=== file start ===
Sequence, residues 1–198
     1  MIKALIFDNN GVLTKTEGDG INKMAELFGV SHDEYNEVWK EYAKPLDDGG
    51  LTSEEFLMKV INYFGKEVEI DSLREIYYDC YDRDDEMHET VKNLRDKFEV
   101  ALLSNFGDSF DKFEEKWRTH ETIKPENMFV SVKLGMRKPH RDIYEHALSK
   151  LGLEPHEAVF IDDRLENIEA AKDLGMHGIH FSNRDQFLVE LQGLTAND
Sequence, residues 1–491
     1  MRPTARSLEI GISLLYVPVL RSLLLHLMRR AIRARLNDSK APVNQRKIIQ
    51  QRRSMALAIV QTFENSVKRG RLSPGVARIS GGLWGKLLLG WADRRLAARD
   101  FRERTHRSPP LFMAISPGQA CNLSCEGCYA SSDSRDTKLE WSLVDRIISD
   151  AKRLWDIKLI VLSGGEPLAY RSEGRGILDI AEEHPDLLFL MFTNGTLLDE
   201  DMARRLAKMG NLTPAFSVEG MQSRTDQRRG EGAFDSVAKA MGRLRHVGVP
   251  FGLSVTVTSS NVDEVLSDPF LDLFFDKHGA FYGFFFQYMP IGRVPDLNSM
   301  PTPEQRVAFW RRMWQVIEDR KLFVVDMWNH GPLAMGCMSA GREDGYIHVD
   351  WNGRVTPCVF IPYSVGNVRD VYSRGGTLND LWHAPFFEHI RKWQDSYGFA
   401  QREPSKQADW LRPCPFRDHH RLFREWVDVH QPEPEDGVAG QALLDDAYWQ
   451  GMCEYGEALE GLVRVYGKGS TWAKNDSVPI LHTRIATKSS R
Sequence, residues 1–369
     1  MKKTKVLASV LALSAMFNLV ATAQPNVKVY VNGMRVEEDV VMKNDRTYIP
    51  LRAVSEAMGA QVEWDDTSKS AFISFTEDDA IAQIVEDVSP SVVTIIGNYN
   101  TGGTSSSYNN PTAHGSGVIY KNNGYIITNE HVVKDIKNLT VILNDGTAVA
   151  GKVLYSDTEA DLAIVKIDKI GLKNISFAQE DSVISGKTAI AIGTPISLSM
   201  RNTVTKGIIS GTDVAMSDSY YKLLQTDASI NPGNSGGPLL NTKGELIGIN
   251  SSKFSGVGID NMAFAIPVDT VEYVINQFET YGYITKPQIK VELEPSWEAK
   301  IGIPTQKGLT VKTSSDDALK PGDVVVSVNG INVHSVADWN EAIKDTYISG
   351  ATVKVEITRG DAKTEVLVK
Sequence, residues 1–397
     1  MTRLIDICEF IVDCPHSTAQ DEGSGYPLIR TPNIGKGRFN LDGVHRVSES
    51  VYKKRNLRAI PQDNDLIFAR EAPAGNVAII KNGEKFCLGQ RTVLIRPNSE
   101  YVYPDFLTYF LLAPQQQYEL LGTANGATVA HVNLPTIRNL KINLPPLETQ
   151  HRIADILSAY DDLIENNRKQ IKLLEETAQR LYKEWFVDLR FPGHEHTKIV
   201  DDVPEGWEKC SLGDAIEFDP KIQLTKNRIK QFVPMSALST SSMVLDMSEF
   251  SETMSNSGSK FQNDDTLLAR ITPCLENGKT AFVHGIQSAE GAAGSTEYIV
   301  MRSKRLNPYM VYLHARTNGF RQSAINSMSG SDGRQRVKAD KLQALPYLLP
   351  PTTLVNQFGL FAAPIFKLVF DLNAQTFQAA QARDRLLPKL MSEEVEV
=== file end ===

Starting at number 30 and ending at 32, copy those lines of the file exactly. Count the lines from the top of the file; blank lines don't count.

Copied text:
   151  HRIADILSAY DDLIENNRKQ IKLLEETAQR LYKEWFVDLR FPGHEHTKIV
   201  DDVPEGWEKC SLGDAIEFDP KIQLTKNRIK QFVPMSALST SSMVLDMSEF
   251  SETMSNSGSK FQNDDTLLAR ITPCLENGKT AFVHGIQSAE GAAGSTEYIV